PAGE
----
Friday, December 17, 2010

Everyone Is Doing It

There seems to be a new trend in the publishing world. At first, I didn’t think it was much of a trend, but now I’m beginning to wonder. If Michael Hyatt does it, I’ll know for sure.

I first noticed it when Chip MacGregor did it. Of course, Rachelle Gardner has talked about doing it, but never has. But then Brandilyn Collins announced that she is doing it. Suddenly I feel like I’m in The Neverending Story fighting The Nothing. Could this be the forerunner of the end?

If I were to do it, few people would notice. I have a few people who follow my blog. I would hope they would notice—especially if I announced it, but the thing about blogs is that people only notice what you’re doing if you tell them about it. No, even my most faithful readers wouldn’t notice if I did it. That is sad, but true. Maybe that is why they have decided to do it.

Their decisions to do it gives us all reason to question whether we should do it. And I’m not sure I can give a good answer for why we shouldn’t. The prevailing wisdom seems to be that we shouldn’t, but some of that prevailing wisdom came from the people who are. It would make a difference if we had some kind of evidence that not doing it would help us sell more books, but what most of us have experienced hasn’t show that to be true. That does seem to be the case for some authors, but most of us put in a lot of effort only to see little in the way of results. Oddly enough, when Brandilyn Collins announced that she is doing it, her reason was that she wanted to be more effectively in contact with her readers at large.

It’s refreshing, in an odd sort of way. By doing it, people are admitting that what they thought to be true isn’t. But what gets you is that these are people for whom it should have worked. In many ways it looked like it was working. So why didn’t it?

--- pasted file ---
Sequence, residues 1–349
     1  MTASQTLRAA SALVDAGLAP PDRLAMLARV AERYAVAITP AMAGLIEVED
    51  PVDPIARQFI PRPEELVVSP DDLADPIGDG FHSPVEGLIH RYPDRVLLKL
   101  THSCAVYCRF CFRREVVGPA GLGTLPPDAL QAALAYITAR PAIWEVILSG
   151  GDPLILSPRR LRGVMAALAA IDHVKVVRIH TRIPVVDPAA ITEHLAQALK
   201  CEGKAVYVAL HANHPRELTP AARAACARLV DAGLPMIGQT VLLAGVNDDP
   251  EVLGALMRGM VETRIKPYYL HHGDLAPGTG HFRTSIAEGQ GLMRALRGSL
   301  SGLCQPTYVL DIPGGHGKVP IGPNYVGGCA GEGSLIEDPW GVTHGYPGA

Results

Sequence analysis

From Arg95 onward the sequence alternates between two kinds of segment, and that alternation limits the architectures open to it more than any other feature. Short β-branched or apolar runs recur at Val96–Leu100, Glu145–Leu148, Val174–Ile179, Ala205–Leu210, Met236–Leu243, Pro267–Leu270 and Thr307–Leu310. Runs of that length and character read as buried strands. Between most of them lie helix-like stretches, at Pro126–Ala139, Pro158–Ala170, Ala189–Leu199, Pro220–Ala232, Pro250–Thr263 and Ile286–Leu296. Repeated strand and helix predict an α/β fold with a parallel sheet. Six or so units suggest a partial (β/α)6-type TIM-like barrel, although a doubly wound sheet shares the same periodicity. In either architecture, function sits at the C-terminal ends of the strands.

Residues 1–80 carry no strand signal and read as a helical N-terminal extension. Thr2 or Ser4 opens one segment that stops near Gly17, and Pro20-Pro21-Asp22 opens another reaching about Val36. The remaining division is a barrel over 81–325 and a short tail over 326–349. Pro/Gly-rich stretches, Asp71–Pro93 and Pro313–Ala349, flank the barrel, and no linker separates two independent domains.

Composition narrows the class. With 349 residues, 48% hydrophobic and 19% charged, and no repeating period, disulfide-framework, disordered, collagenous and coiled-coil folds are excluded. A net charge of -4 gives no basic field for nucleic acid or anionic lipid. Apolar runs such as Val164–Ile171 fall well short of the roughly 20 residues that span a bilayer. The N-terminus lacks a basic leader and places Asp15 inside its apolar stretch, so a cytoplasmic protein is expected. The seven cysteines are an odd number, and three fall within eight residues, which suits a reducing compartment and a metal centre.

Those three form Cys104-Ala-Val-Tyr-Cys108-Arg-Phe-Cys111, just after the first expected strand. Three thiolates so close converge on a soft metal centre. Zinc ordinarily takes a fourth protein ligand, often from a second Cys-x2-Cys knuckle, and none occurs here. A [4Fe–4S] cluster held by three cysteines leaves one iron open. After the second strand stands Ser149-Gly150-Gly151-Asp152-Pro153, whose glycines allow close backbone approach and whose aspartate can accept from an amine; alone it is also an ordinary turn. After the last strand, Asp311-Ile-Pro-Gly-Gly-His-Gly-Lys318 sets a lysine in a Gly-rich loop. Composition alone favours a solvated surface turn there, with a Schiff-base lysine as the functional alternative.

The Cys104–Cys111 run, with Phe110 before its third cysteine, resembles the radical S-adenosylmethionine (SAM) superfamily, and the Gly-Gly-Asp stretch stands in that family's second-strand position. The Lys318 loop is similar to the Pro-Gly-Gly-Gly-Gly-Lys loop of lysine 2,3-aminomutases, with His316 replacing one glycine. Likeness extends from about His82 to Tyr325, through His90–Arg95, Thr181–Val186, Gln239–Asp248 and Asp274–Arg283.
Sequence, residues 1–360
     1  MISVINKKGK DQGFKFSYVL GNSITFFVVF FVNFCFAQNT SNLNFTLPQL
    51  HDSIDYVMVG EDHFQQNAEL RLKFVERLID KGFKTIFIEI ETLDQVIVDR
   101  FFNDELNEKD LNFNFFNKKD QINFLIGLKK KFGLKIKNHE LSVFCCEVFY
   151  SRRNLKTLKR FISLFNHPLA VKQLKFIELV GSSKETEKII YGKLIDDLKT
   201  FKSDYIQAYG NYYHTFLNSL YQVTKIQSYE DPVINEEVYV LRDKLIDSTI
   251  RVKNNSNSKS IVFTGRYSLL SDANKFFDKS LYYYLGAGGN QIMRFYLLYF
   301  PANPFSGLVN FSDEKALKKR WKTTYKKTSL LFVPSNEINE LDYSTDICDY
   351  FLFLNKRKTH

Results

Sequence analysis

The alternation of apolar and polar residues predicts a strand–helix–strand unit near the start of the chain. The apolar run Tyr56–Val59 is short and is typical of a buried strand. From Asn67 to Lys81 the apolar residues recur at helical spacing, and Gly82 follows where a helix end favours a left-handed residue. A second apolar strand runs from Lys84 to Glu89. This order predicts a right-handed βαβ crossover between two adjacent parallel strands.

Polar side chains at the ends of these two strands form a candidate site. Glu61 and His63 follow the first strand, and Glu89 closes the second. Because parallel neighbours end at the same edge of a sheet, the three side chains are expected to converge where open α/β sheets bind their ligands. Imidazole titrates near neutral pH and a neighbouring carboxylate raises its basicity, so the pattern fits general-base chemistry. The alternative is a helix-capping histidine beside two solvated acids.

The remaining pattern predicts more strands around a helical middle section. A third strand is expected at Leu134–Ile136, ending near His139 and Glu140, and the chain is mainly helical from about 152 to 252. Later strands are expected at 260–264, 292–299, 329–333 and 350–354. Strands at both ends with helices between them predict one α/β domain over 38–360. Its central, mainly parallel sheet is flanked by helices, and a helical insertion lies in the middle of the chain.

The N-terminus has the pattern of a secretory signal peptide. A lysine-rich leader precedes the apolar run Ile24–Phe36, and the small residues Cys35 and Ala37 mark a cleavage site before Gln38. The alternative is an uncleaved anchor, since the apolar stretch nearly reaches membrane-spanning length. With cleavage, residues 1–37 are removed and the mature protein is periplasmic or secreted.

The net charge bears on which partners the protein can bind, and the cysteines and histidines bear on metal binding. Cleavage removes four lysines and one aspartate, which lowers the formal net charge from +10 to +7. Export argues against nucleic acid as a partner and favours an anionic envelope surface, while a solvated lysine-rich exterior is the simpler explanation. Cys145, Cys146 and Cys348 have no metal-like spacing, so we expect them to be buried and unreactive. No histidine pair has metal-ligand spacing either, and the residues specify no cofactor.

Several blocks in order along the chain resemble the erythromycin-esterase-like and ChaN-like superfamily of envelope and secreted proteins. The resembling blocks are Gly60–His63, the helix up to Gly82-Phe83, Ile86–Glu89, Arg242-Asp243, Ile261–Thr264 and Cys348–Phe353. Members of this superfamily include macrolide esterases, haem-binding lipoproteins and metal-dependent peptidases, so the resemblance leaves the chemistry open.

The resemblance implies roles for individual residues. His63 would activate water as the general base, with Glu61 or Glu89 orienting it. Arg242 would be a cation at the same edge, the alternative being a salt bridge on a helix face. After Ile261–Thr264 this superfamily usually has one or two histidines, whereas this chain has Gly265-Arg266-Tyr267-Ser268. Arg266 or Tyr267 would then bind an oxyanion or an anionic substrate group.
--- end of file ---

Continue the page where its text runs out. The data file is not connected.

When we look at why an author like Brandilyn Collins would quit blogging, I thing we notice is that she attracted writers, but not so many readers. I fear that is true for all of us. Blogging is a non-fiction medium. People find blogs when they are looking for something in particular. People find my blog when they are looking for information about publishing or about writing. What they aren’t looking for is a good novel to read, so it is hard to convince them they should purchase my books. I’ve literally offered to give my books away to my blog readers and have gotten a pitiful response.

Blogs are like speaking engagements. They only work to sell books if the topic of the blog is compatible with the topic of the book. I think people like Brandilyn Collins have an advantage because they have an established fan base, but for the most part, novel readers aren’t going to spend a lot of time reading out blogs. They might swing by after reading one of our books, just to learn a little more about us, but they won’t be hanging out to read every post.

I suppose that’s a good reason to implement a e-mail newsletter. I’ve avoided doing that because I don’t much care for being on a e-mail list, but as I write this I’m about to talk myself into it. It still requires a fan base, but with an e-mail newsletter a reader can learn about new releases when they come out without having to follow the blog. I’ll have to give that some thought. In the meantime, I’m not planning on following Chip MacGregor or Brandilyn Collins’ example anytime soon. I’ll keep on blogging for now, even though it won’t sell novels.